In round two Satake started positively, but was soon backed up by some hard punches from Cikatic. The fight looked a little scrappy now as both struggled to find their range. Cikatic kept on looking to land with more spinning kicks and heavy punches.
The final round was less than a minute old when Cikatic found the target with one of his trademark left hooks, dropping Satake for the count to claim his second stoppage win of the evening and earn a spot in the final.
Ernesto Hoost faced Maurice Smith to decide who would face Cikatic in the final. Hoost started the more aggressive, attacking Smith’s legs with some heavy low kicks.
Smith looked to use the ring more, somewhat wary of Hoost’s punches and looked to keep him away with some fast push kicks.
In round two Hoost upped the power with some hard body kicks and more strong punches. Hoost attacked with some strong knees before a sharp combination of punches and a follow in low kick almost span Smith around. Smith opened up with a few punches, but nothing really troubled Hoost who looked in control.
In the final round Smith looked a little more positive and looked prepared to stand and trade punches. This proved to be his downfall though as a fast left high kick in close, dropped Smith for the count.
Before the final the crowd were treated to a karate match matching Nobuaki Kakuda against kyokhushin and seidokaikan legend Andy Hug. Hug stopped Kakuda in the second round with a knee and announced on the microphone afterwards that he would be switching over to fight under kickboxing rules.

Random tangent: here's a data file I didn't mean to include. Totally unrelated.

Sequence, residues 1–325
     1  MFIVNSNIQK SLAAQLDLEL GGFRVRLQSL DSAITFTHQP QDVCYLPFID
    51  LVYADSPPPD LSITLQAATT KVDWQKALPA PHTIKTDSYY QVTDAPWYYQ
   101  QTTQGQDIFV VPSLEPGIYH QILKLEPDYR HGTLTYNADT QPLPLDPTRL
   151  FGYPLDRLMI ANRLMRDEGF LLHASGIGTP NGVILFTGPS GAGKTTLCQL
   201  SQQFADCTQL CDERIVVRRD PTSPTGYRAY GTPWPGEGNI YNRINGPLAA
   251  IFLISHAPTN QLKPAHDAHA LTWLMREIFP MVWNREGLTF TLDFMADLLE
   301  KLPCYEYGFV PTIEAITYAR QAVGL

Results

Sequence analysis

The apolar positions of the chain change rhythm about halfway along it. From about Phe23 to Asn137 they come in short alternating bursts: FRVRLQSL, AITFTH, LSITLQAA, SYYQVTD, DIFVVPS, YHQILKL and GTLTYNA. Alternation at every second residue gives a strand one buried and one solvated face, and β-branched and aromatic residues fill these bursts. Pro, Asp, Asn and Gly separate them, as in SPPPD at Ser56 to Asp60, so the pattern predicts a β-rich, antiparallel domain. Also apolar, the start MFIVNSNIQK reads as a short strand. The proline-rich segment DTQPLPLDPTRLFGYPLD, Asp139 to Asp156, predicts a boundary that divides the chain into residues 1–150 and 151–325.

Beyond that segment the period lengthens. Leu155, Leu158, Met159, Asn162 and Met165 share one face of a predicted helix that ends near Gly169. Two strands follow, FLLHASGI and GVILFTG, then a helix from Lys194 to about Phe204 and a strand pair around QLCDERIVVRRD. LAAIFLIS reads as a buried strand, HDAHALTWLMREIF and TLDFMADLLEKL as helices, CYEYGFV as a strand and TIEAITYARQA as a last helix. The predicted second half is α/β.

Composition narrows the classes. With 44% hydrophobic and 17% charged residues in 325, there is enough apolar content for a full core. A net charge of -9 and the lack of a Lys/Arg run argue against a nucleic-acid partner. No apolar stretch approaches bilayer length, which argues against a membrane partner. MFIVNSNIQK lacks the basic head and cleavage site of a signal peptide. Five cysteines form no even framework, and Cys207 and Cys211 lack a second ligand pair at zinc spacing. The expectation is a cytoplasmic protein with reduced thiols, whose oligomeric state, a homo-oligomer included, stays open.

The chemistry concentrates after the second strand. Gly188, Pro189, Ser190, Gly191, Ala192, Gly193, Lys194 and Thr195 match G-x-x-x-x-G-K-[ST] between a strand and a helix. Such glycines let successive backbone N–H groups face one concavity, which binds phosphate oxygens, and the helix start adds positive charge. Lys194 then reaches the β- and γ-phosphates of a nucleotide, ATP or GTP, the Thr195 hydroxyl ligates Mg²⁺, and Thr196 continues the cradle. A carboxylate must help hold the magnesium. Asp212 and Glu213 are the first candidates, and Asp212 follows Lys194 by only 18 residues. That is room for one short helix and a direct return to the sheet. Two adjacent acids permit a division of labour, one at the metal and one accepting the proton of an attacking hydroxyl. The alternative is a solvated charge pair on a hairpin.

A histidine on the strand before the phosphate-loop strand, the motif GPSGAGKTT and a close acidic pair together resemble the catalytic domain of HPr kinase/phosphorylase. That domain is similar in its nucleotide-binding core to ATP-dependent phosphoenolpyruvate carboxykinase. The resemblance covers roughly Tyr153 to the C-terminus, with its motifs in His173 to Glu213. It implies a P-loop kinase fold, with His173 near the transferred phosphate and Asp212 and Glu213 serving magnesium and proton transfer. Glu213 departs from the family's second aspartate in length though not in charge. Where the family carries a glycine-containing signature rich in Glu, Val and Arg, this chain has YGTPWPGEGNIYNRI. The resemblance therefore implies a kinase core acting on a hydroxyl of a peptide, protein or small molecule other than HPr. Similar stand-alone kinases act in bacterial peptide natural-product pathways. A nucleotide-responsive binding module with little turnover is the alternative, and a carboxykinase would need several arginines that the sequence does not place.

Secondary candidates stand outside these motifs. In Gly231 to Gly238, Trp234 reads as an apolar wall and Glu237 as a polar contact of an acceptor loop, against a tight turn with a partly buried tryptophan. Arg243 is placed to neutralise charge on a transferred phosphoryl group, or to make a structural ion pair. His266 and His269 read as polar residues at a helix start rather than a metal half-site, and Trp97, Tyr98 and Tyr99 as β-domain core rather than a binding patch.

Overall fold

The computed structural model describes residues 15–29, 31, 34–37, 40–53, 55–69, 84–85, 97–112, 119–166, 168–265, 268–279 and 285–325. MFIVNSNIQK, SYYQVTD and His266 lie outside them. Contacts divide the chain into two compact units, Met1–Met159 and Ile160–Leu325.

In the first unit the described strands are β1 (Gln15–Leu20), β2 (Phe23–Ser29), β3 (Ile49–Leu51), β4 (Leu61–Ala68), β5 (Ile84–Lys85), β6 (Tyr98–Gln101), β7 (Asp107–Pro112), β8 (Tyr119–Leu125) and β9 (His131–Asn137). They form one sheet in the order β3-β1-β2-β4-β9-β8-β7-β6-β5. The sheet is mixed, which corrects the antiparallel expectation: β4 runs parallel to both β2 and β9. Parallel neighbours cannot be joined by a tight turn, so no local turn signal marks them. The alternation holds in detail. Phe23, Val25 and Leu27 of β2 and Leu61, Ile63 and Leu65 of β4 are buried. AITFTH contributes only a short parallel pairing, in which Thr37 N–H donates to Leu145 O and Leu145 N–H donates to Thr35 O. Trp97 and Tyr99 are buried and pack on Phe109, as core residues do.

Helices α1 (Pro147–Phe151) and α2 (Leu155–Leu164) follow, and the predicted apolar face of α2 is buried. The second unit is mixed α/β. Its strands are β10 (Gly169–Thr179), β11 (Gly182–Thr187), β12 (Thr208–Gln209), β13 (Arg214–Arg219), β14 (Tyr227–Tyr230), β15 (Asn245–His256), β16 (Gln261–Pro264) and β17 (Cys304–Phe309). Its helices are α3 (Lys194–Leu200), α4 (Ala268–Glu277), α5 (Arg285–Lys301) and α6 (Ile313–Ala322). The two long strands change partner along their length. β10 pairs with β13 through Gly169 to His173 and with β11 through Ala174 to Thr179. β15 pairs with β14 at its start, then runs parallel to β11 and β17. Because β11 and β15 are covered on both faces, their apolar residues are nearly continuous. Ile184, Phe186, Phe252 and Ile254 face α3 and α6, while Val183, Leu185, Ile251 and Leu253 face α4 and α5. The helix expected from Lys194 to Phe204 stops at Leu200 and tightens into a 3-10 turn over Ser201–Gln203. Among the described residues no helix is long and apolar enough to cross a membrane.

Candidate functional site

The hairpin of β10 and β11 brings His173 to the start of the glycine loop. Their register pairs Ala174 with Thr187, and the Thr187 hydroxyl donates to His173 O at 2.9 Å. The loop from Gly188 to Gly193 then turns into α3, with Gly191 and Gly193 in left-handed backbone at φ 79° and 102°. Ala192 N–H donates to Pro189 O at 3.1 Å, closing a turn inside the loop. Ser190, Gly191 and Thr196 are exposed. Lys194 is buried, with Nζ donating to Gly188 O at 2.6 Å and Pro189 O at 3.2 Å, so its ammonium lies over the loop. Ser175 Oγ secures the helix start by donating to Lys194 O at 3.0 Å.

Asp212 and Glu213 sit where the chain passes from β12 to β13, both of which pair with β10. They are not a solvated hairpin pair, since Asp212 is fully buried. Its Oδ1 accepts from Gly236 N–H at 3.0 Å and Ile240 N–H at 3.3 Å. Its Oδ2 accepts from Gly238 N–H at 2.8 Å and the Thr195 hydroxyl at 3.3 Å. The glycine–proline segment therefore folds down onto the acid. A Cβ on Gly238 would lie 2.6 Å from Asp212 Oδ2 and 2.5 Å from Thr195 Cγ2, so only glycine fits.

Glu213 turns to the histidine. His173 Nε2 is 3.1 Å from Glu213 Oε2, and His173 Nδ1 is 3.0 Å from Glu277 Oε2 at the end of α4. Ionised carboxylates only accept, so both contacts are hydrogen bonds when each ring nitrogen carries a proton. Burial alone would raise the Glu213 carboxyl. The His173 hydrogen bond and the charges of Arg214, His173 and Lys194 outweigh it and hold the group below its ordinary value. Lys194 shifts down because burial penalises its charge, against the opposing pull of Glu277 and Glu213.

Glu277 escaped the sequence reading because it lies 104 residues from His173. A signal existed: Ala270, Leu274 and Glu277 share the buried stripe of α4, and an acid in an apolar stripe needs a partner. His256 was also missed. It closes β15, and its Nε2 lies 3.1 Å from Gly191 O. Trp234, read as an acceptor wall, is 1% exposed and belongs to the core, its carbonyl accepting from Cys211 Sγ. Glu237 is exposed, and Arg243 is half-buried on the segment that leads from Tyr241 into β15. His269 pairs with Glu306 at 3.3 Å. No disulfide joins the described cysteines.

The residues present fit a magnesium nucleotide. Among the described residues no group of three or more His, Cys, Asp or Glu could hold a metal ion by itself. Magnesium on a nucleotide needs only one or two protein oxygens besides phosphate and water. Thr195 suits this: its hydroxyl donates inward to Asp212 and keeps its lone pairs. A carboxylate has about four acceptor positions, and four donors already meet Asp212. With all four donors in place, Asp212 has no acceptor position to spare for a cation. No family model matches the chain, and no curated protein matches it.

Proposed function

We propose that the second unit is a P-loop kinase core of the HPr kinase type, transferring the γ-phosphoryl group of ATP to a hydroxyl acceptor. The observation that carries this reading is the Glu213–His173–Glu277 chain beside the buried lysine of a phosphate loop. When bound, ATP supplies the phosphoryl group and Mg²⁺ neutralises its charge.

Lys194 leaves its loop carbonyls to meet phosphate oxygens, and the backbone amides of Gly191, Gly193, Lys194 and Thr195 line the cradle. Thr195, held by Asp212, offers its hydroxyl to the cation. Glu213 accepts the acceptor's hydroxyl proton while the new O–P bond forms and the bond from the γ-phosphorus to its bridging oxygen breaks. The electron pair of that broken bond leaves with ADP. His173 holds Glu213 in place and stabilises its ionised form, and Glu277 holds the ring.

The final saw two of Holland’s powerhouse gyms face off. Cikatic trains and fights out of Thom Harinck’s Chakuriki gym while Hoost was representing Johan Vos’s Vos gym.
This was the second meeting between them, with Cikatic getting disqualified in the fourth round of their first encounter back in October 1989, for hitting on the break, after both had scored eight counts earlier in the fight.
Hoost started the final positively, coming in with some explosive counters and using slick footwork to avoid Cikatic’s power shots. The Dutchman also used a sharp jab to control the ring well.
Cikatic took a little longer to get going, but with the opening round just ten seconds away from ending, stepped in with a fast left hook and heavy overhand right. Hoost was out before he hit the floor and Cikatic made history becoming the first K-1 Grand Prix champion and taking home the $100,000 USD grand prize.